What is TMJ?

The jaw muscles and joints that allow us to open and close our mouths are referred to as the temporomandibular joints (TMJ). These joints are located on each side of the face and control the mandible (i.e., lower jaw) as it moves backward, forward and side to side, the temporomandibular joints work together whenever we speak, chew or swallow. In addition, these are the joints that connect the jaw to the skull.

The Inner Workings of the Temporomandibular Joints

Each temporomandibular joint consists of a ball and socket joint with a shock-absorbing disc in between: this disc essentially cushions the load placed on the joint, allowing us to comfortably open, close, glide and rotate our jaw.

The bones that interact with these joints are covered with cartilage. The movement remains smooth due to the shock-absorbing disc. However, any issue that affects the ability of the temporomandibular joints’ complex system of ligaments, muscles, bones and discs to work together could lead to a painful condition referred to as temporomandibular joint disorder (TMD) or temporomandibular joint syndrome, or, simply, TMJ.

Common symptoms of TMJ include:

  • Aching in and around the ear.
  • Jaw tenderness or pain.
  • Facial pain.
  • Difficulty chewing.
  • Temporomandibular joint pain (one or both joints).
  • Pain while chewing.
  • Difficulty opening or closing the mouth.

Treating TMJ

For the most part, the symptoms associated with this condition are temporary. The pain and discomfort experienced can be addressed using nonsurgical treatments or self-managed care. Surgical intervention is always the last resort: Only being considered after conservative measures fail.

What Causes TMJ?

Sometimes, the reason a person develops temporomandibular joint disorder is difficult to determine because pain can result due to a variety of factors, including cartilage damage caused by arthritis, a jaw injury or even genetic issues like incorrect tooth and jaw alignment. People who clench their teeth regularly or who have bruxism, a condition in which someone subconsciously grinds his or her teeth while asleep, are at a higher risk of developing TMJ; however, there are people who clench their teeth or have bruxism and never develop temporomandibular joint disorders.

Is It Temporomandibular Joint Disorder or Something Else?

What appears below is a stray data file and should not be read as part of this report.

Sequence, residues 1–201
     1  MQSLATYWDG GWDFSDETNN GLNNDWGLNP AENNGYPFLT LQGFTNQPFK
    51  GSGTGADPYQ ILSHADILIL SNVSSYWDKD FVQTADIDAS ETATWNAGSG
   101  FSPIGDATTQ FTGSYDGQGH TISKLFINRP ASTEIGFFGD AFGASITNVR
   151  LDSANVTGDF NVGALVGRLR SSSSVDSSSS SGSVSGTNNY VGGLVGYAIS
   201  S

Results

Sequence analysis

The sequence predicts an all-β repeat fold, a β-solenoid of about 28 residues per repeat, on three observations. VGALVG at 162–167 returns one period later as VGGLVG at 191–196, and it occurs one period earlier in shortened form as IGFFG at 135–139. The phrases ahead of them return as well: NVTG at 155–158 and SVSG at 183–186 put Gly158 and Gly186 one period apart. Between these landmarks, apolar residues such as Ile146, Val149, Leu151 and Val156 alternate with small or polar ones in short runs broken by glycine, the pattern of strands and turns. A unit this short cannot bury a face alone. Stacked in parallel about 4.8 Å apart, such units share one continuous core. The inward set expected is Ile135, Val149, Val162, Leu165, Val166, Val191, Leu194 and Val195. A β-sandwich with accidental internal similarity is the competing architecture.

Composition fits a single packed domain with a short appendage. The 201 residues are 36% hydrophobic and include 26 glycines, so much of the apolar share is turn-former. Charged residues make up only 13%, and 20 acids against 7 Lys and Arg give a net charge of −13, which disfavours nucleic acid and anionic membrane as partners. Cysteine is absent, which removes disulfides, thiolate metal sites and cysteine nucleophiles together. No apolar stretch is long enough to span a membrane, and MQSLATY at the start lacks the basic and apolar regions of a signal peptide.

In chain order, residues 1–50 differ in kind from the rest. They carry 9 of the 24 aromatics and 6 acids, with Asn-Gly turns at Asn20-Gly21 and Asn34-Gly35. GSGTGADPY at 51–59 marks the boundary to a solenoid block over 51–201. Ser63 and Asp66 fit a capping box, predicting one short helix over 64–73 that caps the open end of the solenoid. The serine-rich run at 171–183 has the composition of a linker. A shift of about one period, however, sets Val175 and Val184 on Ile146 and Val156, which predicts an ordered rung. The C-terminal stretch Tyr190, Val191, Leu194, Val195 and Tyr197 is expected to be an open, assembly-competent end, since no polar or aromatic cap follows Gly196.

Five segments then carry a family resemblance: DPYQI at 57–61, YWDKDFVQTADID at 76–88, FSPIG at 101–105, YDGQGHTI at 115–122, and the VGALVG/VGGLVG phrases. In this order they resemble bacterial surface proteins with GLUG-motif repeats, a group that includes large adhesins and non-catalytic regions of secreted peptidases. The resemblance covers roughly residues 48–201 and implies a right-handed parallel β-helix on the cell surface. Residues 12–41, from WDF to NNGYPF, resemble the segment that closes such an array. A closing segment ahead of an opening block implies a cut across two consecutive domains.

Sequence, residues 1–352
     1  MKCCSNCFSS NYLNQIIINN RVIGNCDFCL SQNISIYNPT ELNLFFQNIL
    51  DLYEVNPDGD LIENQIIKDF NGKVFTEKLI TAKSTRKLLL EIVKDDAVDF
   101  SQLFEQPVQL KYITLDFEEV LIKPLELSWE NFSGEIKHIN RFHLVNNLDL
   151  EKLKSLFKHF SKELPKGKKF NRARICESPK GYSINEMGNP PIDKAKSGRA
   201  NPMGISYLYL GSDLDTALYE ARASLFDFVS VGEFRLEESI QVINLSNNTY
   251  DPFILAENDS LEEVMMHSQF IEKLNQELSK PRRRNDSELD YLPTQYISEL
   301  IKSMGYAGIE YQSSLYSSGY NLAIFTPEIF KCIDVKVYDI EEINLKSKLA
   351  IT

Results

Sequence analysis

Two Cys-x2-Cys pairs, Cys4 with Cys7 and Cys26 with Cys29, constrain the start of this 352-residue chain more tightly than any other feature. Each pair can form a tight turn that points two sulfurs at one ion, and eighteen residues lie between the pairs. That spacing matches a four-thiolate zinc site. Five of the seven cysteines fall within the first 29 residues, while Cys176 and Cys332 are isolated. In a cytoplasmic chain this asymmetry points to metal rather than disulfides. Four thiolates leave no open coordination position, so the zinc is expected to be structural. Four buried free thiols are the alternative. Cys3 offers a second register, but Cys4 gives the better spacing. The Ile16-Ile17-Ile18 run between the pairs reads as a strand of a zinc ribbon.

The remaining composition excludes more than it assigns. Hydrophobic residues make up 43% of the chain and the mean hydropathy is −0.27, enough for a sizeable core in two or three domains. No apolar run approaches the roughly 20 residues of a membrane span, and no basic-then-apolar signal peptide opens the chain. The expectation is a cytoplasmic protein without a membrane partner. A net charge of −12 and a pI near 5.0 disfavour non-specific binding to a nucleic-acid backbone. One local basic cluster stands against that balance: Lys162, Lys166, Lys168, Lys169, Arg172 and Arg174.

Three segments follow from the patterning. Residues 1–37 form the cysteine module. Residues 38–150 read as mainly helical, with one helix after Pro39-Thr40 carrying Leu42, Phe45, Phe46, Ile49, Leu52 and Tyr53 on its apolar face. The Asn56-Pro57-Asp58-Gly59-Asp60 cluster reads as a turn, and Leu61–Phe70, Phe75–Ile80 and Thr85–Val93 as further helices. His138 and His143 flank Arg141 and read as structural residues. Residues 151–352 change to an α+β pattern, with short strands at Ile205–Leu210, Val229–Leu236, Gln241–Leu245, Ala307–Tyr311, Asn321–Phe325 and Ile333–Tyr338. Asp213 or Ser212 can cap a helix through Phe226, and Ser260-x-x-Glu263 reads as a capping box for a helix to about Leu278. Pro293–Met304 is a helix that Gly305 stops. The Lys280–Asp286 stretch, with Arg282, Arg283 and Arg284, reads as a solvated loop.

A TMJ disorder typically causes clicking sounds and irritating sensations when opening the mouth or while chewing. If you are not experiencing any limitation of movement or clicking in your jaw, then you most likely do not have TMJ.

When to Seek Treatment

If you cannot open or close your jaw all the way, or if you are experiencing persistent tenderness or pain in your jaw, contact the Heritage Oral Surgery and Implant Center location that is the most convenient for you today. We can help determine what is causing your pain. Once we have a diagnosis, your personalized treatment plan will be created. We have offices located in Valencia, Palmdale and West Valley, California.

What to Expect After Wisdom Teeth Removal Surgery

Wisdom teeth removal is one of the most common dental surgeries dentists perform. After all, millions of Americans get their wisdom teeth removed every year, according to the Academy of General Dentistry. So, if your dentist recommends you get your wisdom teeth removed, don’t panic. Many other people just like you have had them removed.

But you’re probably wondering just how long the recovery will take, and what you’ll experience in the hours, days, and weeks following their removal?

How Long Will It Take to Recover from Wisdom Teeth Removal Surgery

The recovery process after getting your “teeth pulled” varies for everyone, but in general, you can likely expect your recovery time to happen within two weeks, with gradual improvement every day. The wisdom teeth removal surgery healing process can be broken down into stages as follows.

  • The first day: Blood clots form
  • Two to three days: You find that your swelling has decreased.
  • One week: If you have remaining stitches, your dentist can remove them now.
  • One week to ten days: Jaw soreness should dissipate
  • Two weeks: Mild bruising should heal